PS. To all those in the Go Teen Writer's 300 for 30 Challenge, how is it going? What progress have you made so far? I'd love to hear about it!

Wednesday, March 9, 2016

Writing Wednesday Debut - The Door-Sleeper

  So in keeping with my announcement last week, here is the public debut of my short short story, "The Door-Sleeper" a contemporary fiction piece that tells the story of a guy named Adam as he struggles to cope with his wife's debilitating mental condition as it takes its toll on both him and their marriage.

  I originally wrote this for the Writer's Digest Short Short Story competition, just to see what would happen with it. I didn't, nor did I figure, that I would win anything, but it was fun to try. The best part I think was having the word limit (1500 words) and having to write something within those constraints. It really polished and streamlined my writing and forced me to eliminate all that was unnecessary until I was left with just what I needed. It did wonders for my writing and I would love to try doing something similar in the future to see what results I get.

  Another challenge was writing in the third person, present tense, something I haven't experimented with much. I tried originally writing in the second person, but that proved too difficult and disruptive to the story, in the end I decided on this format.

  In any case, below you may read the story in full. I thought I would share it with everyone just so it could see the light of day.  I hope you enjoy it, let me know what you think in the comments below!

 The Door-Sleeper by Emily Mundell

  A draft of air dances over his face from the crack between the floor and the door. The breeze, combined with the kink in his neck, brings him to waking. Blinking slowly, Adam rolls over, the warm fleece blanket shifting beneath him, and sees the red numerals of the alarm clock faintly pulsating in the dark bedroom. Four in the morning. Ellie’s arm hangs off the bedside, bathed in the red glow.
  He gets to his feet, dismissing all thoughts of sleep. His right arm is numb as he throws his blankets off into the corner. The soft plop of fabric elicits a gentle sigh from his wife, who shifts a little under the sheets. Adam pauses to watch her, hoping she doesn’t wake. She is beautiful like this, peaceful. Pity fills him, and sadness.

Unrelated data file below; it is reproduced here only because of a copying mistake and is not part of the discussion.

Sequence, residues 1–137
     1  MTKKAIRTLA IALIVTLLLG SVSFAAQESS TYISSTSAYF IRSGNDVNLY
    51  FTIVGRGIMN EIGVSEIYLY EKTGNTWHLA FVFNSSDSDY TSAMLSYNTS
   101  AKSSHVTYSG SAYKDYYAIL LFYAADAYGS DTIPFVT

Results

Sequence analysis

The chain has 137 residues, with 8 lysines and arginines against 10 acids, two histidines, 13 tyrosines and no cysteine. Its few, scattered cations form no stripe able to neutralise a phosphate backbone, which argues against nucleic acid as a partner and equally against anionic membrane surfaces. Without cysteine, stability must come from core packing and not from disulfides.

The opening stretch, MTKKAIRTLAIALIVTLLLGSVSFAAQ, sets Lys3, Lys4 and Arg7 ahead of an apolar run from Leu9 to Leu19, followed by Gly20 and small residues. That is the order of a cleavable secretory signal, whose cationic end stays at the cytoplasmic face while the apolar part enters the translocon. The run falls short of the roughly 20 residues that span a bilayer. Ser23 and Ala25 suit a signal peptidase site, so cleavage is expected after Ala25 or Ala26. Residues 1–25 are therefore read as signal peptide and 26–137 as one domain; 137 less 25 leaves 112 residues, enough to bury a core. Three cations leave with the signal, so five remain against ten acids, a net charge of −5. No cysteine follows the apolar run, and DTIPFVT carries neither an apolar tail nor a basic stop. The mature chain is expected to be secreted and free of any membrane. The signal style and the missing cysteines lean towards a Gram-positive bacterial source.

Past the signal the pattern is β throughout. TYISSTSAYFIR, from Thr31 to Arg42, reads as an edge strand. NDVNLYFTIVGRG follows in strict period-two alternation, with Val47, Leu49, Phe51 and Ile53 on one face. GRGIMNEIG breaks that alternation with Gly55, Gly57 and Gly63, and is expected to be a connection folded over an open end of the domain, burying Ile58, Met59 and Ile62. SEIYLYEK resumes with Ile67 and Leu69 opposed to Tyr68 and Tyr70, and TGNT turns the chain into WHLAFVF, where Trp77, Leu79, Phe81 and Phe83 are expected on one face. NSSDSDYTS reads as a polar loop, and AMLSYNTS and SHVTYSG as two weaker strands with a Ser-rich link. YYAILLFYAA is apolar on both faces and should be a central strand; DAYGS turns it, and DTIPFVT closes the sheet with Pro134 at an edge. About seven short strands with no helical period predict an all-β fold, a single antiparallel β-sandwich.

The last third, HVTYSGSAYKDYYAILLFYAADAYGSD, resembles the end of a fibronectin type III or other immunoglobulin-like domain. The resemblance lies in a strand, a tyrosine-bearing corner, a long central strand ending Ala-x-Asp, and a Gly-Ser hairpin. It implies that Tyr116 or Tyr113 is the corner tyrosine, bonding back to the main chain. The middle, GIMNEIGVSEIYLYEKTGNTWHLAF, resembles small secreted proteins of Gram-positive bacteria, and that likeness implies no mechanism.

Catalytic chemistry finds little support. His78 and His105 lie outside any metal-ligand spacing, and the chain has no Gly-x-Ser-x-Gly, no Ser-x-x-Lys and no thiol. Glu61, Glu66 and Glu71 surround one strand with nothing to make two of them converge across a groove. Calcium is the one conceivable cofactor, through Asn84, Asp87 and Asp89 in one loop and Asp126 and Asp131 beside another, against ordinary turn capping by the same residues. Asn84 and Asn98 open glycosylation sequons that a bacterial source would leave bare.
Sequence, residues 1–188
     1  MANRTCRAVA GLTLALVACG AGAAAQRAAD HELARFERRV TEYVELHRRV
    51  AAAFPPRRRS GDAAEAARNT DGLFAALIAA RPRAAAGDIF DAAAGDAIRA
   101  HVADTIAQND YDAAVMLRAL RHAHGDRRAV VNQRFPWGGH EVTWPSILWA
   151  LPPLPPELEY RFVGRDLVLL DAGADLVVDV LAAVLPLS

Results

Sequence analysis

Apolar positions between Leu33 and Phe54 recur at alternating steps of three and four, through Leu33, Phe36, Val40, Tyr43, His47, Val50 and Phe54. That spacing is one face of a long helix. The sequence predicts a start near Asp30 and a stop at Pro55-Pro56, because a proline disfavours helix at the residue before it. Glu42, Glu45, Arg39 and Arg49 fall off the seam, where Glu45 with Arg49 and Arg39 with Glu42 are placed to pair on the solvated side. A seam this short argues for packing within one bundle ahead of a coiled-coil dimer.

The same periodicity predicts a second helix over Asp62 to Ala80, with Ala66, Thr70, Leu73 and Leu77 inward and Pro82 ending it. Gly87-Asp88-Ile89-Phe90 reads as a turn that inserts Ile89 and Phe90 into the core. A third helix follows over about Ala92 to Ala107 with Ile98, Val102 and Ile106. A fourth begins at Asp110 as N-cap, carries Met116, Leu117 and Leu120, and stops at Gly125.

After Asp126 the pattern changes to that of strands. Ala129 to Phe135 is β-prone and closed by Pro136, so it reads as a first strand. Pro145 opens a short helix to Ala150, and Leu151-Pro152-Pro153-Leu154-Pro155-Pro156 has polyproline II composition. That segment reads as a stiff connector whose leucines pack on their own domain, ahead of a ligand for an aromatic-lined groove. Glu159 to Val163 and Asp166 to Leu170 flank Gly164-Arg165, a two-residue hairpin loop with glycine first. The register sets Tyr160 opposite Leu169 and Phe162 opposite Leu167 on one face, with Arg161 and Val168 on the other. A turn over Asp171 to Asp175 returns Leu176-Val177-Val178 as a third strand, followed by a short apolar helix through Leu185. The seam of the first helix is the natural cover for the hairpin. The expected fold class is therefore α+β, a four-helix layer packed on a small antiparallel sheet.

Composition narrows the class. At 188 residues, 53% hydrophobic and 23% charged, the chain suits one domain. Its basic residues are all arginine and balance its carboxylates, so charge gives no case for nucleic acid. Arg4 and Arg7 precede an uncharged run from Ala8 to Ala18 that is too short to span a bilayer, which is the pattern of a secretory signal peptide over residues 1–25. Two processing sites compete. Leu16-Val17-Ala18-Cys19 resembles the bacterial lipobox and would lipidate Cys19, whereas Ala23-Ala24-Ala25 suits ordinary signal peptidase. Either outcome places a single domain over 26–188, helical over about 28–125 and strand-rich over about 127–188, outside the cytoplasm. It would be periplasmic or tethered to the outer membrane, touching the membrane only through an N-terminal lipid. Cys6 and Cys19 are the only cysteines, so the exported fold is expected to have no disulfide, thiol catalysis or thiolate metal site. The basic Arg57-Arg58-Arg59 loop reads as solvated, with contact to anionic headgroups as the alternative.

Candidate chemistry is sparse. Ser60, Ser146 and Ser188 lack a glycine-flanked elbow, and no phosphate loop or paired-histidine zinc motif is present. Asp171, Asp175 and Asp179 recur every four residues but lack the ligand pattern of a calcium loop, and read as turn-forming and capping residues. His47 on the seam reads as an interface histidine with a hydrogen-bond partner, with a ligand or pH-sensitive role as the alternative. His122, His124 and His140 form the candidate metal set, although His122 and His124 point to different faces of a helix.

It is too early, and his head hurts and he is tired from a late night of keeping Ellie in the bed and quiet. It was particularly bad that past night, any of her normal inhibitions had been stolen away by four bottles of beer and she had been unable to calm herself down.
  But being able to calm herself is one of many things she can no longer do, something Adam must do for her. One of the harder things.
  The dark curtains that hang over the window are open, left that way at Ellie’s preference. Even before her illness she did not like being unable to see the sky. For the millionth time Adam wonders if dragging her into the inner city so he could follow his dreams of working at a quality law firm was what brought her down to this state, this state of pain and fear and total dependence. At the very least, he knows it must have contributed. Ellie never liked the city. She hated that you couldn’t jay-walk through the streets, or leave your house unlocked, or step out of your car with the keys inside if you felt like it. She hated the buildings that blocked her view of the sunrise, that trees only grew where humans designated, that her home had no backyard.
  It had never bothered Adam before, but it did now. He looked around at what he’d provided for her - a posh apartment in an expensive high-rise in the best part of town - and found it all worth nothing. Not in comparison of what it had done to her.
  He moves away from the window and heads into the bathroom to count out Ellie’s morning pills. Xanax, Atvian, and a dozen other anti-depressants and anxiety meds line the vanity, plastic bottles all neatly categorized. Adam hates looking at them. They are doing nothing to bring her back.